Today is Day 118. These are the number of days since the revocation of Article 370, which accorded special status to Kashmir in the Constitution. This is the number that gets highlighted in a poster, which comes in stark shades of mostly white and red and black.
In one of the posters, there is an apple that is almost buried in a field of snow; then there is one which depicts a snow sculpture in the shape of Jammu & Kashmir with pale blood on it. And yet another shows a black-coloured Kashmir when the rest of the country is shown to be on the internet grid. On Diwali, in a stark blood-coloured background, there is a black Jammu and Kashmir with a lamp-lit at the centre. There is one for SAR Geelani too, one for solidarity with the Tamil Eelam and another for solidarity with JNU students who are protesting the fee hike in the university.
All of these come accompanied with hashtags like ‘Kashmir caged’, ‘end occupation’ and ‘stand with Kashmir’.
The person behind these immensely popular posters is 27-year-old Musthujab Makkolath, a native of Kerala. Though he is the one who creates these posters, helping him with the text and ideas is the group Pakistan-India People’s Forum for Peace and Democracy (PIPFPD). Musthujab and a group of around 25 volunteers have been doing so from Day 20 of the lockdown.
“When the revocation of Article 370 happened, we were not really sure what to do and how to express solidarity. Soon after that IAS officer Kannan Gopinathan resigned from service and he had mentioned that if he were an editor, he would simply put the number of days Kashmir has been under a communications lockdown on the front pages. That is from where the idea sprung. Musthujab, who is one of the PIPFPD volunteers, stepped forward to create these posters. The first poster is just the number of the days since August 5 on a black background,” explained Vijayan MJ, national general secretary of PIPFPD-India chapter.
The overwhelming use of white, black and a stark red was all Musthujab’s choice. Some of the images on these posters have been taken from other sources and in such instances, credits have been given. Otherwise, it is all the imagination of this Calicut-based Farook College, Malayalam literature graduate, who is now a designer and a digital art curator. And each poster is accompanied by a text which is usually a poem and explanation of the day’s imagery.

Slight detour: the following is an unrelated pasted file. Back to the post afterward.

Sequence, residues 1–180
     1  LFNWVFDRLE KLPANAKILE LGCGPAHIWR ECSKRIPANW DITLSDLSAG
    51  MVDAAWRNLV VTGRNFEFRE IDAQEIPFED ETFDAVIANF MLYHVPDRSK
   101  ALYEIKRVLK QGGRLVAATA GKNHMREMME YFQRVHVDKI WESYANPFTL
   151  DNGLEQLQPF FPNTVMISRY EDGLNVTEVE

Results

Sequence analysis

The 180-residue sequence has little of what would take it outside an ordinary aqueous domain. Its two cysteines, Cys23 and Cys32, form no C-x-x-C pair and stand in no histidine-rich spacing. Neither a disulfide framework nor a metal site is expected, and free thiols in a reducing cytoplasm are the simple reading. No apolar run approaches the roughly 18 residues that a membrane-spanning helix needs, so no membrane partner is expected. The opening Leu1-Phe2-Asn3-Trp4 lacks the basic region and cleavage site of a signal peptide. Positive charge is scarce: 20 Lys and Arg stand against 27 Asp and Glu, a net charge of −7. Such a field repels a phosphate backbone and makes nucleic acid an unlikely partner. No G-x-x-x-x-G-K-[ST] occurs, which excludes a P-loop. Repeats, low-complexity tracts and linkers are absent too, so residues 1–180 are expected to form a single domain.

“I felt it's important to speak about Kashmir and for Kashmir. I have volunteered with different movements and designed lots of stuff. Not only Kashmir, all the struggles and resistance are important to me. Art is a very important medium to express solidarity and dissent. In the current situation it is very important to stand with the people who are resisting against unethical, undemocratic and anti-people regimes. PIPFPD has stood for these values consistently and so I volunteered to do it,” says Musthujab, who completed his post-graduation in mass communication from SIAS Media School, which is also based in Calicut.
“I can't even think about one day without the use of the mobile. Now, the state is blocking telephone and internet of Kashmiri people for months in the name of national security and people’s interest. Which people are they talking about? The people are being oppressed by different tools of state. Lots of innocent people have been killed and maimed, blinded etc. For what? The question is always haunting me. Human rights violation has unfortunately become a norm in Kashmir. As a human being and as an artist, I can't remain silent. That’s my conviction,” maintains Musthujab.
Musthujab’s views aligns with that of PIPFPD and its general secretary adds that it is for people to decide their fate. “We don’t want to say anything what a Kashmiri would not say. We are also speaking of solidarity across protests, which is why we have put out posters on the JNU protest, Birsa Munda Day and Constitution Day.”
“We have also put out posters for the Tamizhs of Eezham as we feel there is a commonality between the Tamizhs of Sri Lanka dreaming liberation vis-à-vis the majority Kashmiri people demanding Azadi. While their historical and cultural context is different, these aspirations rise from similar kind of oppression,” adds Vijayan.
Initially, the designer began to create these artworks on his mobile phone as he would only put the date and the hashtag. But, when the lockdown seeming to be unending, the design also began to change. “We started to use images, photos and art works. It does not take long time to make posters on mobile, but to do it every day is an effort. Sometimes it takes lots of time to work with feedback from the volunteer team of counting days (PIPFPD). But it has been an energising and educating experience. The collective behind the campaign has gotten stronger and diverse by the day. It’s a great youth team now,” says Musthujab, who came to Delhi three years ago to volunteer with an NGO, which was inspiring social change. Now, Delhi is his home.
He even got married in between these 118 days. “On Day 62 and Day 63 (October 5 and 6), it was my wedding reception. Even in between those busy days, I was designing these posters. The conceptual clarity to assimilate the artwork with the text has been a great learning curve for someone like me who is more of an artist than an activist,” says Musthujab. The group plans to keep the campaign on, till the lockdown is lifted from Jammu and Kashmir.
These posters have been printed and showcased by many those who have been protesting the Kashmir lockdown in the Capital and in other states. Now, they have been made into postcards, which can be bought.